Over the next 11 weeks, Munger Tolles guided Rent-A-Center through fact and expert discovery, trial and substantial post-trial briefing. On March 14, 2019, less than three months after the case was filed, the court issued an opinion holding that although the plaintiffs had been “blindsided,” Rent-A-Center’s termination of the merger was valid. The court rejected the plaintiffs’ various claims of breach of contract, breach of the implied covenant of good faith and fair dealing, estoppel and waiver as “after-the-face rationalizations” of “startling” behavior and denied all of the relief the plaintiffs sought.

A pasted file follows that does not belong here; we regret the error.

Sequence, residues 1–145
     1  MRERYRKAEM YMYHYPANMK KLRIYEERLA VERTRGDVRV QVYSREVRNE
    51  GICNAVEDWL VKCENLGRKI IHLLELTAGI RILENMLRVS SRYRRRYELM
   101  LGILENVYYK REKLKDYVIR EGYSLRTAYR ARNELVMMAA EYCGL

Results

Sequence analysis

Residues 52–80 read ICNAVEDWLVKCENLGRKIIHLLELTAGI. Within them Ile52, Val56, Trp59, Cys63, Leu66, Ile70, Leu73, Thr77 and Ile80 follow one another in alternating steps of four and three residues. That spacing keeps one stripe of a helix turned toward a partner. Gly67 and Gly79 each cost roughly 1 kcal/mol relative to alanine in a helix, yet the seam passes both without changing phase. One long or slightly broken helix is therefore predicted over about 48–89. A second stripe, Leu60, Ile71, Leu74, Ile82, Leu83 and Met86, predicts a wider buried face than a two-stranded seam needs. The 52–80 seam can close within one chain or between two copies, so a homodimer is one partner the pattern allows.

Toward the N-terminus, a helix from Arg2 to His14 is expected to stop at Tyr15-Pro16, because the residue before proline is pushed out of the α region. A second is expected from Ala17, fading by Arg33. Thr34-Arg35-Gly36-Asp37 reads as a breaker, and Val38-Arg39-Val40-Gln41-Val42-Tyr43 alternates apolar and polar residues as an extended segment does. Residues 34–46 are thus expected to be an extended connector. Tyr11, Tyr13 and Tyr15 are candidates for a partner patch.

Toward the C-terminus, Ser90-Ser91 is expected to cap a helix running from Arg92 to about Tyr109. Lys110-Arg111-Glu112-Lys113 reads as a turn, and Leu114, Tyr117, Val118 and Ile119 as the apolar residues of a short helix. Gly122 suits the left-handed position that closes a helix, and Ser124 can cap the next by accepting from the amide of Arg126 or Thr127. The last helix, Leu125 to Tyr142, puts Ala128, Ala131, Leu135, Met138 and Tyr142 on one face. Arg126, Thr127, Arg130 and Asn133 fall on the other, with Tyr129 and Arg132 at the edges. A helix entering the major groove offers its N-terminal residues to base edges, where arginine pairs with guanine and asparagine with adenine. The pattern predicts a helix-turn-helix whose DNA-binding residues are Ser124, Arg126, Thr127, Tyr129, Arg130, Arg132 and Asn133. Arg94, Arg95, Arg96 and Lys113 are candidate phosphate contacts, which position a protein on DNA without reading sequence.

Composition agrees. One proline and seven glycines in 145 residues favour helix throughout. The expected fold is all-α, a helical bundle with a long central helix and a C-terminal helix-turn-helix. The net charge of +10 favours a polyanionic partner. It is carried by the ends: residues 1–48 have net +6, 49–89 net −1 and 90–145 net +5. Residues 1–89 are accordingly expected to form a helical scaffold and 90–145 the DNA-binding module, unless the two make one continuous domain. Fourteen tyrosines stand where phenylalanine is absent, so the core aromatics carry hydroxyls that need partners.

After that ruling, the acquirer agreed to settle Rent-A-Center’s counterclaims to recover the $126.5 million “reverse termination fee” that Rent-A-Center was owed under the merger agreement. Although the Court of Chancery had called the amount of the fee “enormous,” Rent-A-Center nonetheless received $92.5 million in settlement of its counterclaims, while continuing its existence as a public company.
Press Coverage: Rent-A-Center not bound by merger deal with Vintage Capital: judge
- Vindicating Client’s Commitment to a Respectful Workplace and Protecting Its Stockholders
Client: McDonald’s Corporation